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9th International Rainwater Catchment Systems Conference
"Rainwater Catchment: An Answer to the Water Scarcity of the Next Millennium."
Petrolina, Brazil - July 1999

Section 12: Posters

Paper 12.5

Geologic Nitrogen in the Agha Jari Formation of the Bisheh Zard Basin: A Dilemma

Sayyed Ahang Kowsar & Ali Reza Yazdian
Fars Research Center
Shiraz, Iran
E-mail: nafissis@sums.ac.ir

Abstract

Nitrogen deficiency ranks right behind water as the second most constraint to crop production in the coarse - loamy sand of the Gareh Bygone Plain (GBP) in southern Iran. As better resource utilization is essential to wise energy management, contrary to the reported cases, surface water pollution by N maybe a boon in the GBP. The Agha Jari Formation, in which the Bisheh Zard Basin (BZB) that supplies the GBP with floodwater has been formed, contains NO-3 and NH+4 in its sandstone, siltstone and marl components. Therefore, it is expected that some of the geologic N dissolved in floodwater, and carried by the suspended load, reach the watertable, and also supply the plants coming in contact with the water and/or sediment.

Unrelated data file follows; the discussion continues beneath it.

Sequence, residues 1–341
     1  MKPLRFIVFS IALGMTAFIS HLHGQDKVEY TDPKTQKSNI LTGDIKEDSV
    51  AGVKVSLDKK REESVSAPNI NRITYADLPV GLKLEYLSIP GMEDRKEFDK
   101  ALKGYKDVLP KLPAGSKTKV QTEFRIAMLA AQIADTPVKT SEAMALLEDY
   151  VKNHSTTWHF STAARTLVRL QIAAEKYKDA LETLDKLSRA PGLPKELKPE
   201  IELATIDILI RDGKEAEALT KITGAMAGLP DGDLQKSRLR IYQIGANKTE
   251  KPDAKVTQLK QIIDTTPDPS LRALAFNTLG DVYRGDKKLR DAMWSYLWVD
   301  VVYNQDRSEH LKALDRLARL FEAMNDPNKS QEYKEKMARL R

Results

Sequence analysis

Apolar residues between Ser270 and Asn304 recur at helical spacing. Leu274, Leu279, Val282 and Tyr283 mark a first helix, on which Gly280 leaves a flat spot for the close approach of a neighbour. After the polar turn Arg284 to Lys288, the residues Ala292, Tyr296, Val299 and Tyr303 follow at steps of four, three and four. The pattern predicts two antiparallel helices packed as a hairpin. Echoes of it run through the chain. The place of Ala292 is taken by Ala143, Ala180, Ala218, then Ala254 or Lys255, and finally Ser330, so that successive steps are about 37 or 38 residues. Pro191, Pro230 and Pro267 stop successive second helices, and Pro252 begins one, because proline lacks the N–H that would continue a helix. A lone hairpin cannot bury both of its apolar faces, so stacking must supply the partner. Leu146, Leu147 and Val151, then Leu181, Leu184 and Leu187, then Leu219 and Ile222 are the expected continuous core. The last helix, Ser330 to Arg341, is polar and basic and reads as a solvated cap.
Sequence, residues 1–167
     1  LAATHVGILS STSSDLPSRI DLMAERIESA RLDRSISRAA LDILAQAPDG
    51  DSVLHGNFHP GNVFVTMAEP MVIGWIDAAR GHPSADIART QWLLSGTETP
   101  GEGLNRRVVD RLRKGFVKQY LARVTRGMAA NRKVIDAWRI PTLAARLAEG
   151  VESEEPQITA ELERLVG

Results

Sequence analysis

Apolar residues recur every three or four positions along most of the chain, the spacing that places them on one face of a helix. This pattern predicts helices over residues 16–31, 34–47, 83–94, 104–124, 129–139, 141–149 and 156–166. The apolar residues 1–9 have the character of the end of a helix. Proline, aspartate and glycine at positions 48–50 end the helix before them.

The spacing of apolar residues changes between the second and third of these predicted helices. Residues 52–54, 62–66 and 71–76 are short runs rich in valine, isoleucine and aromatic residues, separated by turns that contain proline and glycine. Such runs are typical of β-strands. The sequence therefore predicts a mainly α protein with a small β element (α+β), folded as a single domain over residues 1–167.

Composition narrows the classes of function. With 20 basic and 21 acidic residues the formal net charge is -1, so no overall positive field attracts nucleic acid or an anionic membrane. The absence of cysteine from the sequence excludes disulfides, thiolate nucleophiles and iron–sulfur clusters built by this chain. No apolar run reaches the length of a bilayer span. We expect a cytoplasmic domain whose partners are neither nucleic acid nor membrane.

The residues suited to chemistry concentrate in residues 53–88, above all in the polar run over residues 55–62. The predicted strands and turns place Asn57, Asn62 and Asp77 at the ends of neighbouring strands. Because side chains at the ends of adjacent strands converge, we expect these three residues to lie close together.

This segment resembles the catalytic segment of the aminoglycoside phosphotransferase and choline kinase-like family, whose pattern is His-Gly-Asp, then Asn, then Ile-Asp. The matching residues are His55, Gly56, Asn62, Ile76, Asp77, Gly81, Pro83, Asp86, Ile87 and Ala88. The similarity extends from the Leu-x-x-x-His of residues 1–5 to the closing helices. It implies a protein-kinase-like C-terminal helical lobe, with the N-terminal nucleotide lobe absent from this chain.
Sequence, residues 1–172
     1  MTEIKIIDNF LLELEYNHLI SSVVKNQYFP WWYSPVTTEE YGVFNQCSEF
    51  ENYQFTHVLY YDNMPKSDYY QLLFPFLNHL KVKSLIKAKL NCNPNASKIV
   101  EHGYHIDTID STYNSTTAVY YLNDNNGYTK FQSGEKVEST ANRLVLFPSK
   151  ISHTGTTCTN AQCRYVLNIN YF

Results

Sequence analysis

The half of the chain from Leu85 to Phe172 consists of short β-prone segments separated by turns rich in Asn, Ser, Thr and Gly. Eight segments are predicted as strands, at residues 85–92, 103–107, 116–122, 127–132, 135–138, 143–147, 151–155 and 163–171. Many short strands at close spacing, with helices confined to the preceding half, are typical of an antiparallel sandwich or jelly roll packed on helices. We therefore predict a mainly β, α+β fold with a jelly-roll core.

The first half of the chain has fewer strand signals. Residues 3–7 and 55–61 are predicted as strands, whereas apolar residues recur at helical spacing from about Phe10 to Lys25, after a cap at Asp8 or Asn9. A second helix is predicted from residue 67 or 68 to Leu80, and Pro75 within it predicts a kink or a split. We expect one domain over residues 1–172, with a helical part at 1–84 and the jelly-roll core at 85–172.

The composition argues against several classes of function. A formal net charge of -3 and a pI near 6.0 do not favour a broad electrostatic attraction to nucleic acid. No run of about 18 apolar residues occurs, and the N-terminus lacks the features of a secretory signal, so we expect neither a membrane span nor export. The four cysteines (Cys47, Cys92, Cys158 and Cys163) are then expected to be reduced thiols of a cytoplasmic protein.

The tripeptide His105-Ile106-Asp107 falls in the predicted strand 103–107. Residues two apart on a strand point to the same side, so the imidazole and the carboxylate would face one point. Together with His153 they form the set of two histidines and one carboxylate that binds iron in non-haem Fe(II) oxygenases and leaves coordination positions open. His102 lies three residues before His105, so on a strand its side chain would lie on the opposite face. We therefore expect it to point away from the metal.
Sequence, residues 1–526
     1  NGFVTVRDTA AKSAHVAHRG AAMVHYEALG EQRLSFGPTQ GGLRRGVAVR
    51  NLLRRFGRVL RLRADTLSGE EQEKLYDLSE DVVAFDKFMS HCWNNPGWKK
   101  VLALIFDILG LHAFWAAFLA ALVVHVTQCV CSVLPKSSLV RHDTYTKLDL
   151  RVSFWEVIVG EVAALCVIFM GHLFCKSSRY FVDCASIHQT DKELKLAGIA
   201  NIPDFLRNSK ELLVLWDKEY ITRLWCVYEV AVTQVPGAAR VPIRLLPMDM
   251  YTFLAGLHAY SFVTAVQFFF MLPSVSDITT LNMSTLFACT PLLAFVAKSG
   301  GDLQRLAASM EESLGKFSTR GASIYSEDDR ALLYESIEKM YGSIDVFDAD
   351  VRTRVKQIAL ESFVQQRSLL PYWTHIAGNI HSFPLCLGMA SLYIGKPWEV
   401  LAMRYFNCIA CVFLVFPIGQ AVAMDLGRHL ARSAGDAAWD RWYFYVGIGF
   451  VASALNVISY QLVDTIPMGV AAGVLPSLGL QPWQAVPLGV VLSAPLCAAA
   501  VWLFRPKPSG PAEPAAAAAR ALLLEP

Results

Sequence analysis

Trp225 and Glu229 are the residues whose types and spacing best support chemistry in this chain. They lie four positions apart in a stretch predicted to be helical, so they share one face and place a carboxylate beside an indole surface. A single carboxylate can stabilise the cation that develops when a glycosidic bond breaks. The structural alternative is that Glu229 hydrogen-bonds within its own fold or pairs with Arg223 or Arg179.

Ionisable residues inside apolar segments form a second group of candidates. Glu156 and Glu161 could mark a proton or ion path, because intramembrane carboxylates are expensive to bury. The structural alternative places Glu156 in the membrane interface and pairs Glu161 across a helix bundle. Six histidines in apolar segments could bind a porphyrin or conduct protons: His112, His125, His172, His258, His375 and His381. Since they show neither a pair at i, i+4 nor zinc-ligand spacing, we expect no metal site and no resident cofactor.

To study the origin of N in the BZB, and investigate the fate of the dissolved and adsorbed N as it travels form the watershed to the watertable, 13 rock samples, 7 floodwater samples and 71 soil samples were collected and analyzed for NO-3and NH+4. The NO-3concentration was higher than that ofNH+4 in all of the samples: 77 ppm vs. 38 ppm in the floodwater; 47 ppm vs. 20 ppm in the soil; and 22 ppm vs. 12 ppm in the rocks. Assuming the mean annual inflow of the GBP floodwater spreading system in 10 million m3, the system receives 370 metric tons of NH+4 and 770 metric tons of NO-3 which exceed the N requirement of the small grains if this system is planted to them.

As the U.S. Environmental Protection Agency has declared the maximum contaminant level of NO-3 - N at 10mg per liter (44.4 mg NO-3 per liter), and its concentration in floodwater in the GBP is 1.73 fold that amount, purification of the water is in order. High NO-3 consuming plant species might offer an environmentally friendly technology to decrease the deleterious effects of N containing floodwater. The study concerned with the flow of N towards groundwater will be reported later.

PDF of full document (5pp, 26kb)


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